After Calmes admitted that Obama and the Democrats "have now entered a midterm election year in which they expect to lose seats in Congress," she hawked Obama's stimulus package, as she has on several occasions before.
His push to overhaul financial regulation is bogged down on Capitol Hill. The housing market is still weak and his programs to help homeowners have had little impact. The Federal Reserve is under pressure from inflation hawks to begin tightening policy, while deficit hawks are demanding that government spending be restrained - even as some economists say more stimulus is needed to avert prolonged economic sluggishness or even another recession.
After lamenting how "the world keeps intruding as Mr. Obama tries to execute his promised pivot" with the Christmas Day airliner attack and health care legislation (hmm, whose fault is that?) she returned to the stimulus success story.
The challenge for Mr. Obama, then, is to find ways to telegraph his concerns about the economy while also looking like he has done something about it.
His chief contribution - the $787 billion stimulus package - became law nearly a year ago; recent extensions and pending proposals building on the package will bring it to about $1 trillion in tax cuts and spending. While economists generally agree it has helped avert even greater job losses, Republicans seize on the continued high unemployment rate to argue that the plan has been a costly failure.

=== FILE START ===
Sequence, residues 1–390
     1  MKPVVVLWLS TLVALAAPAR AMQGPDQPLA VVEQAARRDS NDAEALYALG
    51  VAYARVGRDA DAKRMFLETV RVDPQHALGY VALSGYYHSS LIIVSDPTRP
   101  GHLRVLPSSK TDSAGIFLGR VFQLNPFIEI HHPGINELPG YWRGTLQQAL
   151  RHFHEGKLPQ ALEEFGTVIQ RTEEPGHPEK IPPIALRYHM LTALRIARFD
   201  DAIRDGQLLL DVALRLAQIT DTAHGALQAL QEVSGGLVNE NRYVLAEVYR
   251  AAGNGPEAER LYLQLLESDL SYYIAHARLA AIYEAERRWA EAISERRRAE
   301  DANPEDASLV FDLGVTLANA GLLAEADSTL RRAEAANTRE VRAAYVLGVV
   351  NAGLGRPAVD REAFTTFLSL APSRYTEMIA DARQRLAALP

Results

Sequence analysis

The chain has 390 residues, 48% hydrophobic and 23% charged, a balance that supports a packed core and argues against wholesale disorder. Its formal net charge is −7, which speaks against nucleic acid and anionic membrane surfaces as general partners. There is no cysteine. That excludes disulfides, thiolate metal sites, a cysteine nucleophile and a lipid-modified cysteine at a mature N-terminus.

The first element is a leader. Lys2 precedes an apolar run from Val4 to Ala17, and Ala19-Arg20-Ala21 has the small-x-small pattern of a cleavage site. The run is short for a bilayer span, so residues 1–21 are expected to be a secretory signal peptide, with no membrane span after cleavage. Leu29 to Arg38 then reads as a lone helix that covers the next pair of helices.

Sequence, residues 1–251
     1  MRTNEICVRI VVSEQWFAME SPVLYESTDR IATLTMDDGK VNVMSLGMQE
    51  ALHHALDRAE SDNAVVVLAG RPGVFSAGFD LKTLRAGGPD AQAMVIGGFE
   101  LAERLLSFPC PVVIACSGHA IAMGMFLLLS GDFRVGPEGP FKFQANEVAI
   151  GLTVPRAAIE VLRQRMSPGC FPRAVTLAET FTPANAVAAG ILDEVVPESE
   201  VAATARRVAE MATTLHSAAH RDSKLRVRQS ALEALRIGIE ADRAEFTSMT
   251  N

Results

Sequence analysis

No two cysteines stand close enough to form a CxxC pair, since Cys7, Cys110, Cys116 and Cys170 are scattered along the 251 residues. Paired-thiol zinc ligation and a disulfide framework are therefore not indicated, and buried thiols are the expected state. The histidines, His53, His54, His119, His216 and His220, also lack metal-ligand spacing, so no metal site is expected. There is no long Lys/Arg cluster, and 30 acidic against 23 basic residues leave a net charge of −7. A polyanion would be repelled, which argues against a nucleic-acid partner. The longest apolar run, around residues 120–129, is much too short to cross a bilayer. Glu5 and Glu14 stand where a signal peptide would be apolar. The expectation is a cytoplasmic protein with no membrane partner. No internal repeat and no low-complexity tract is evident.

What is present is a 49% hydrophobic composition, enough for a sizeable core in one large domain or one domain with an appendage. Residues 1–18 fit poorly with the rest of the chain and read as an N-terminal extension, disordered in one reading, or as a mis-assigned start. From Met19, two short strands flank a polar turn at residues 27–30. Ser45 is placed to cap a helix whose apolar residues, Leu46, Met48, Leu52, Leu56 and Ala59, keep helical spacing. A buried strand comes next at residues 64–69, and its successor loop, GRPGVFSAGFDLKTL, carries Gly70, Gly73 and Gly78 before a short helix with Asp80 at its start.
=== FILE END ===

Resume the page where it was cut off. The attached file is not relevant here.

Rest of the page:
Calmes is repeating Democrat-pleasing talking points from her November 21 lead story, which carried the tilted headline "New Consensus Sees Stimulus Package as Worthy Step ." That wasn't even the first time Calmes had used a news story to claim Obama's stimulus a success .
Calmes concluded her most recent piece with Democratic optimism:
Many economists expect job growth to resume by February or March. The unemployment rate, however, is expected to remain as high as 10.5 percent through Election Day in November, as discouraged people who have left the job market decide to resume their search.
Assuming the economists are right, Democrats have to hope that voters focus on monthly gains in new jobs as a sign of progress. Geoffrey Garin, a Democratic pollster, said polling evidence suggested that was what many voters would do.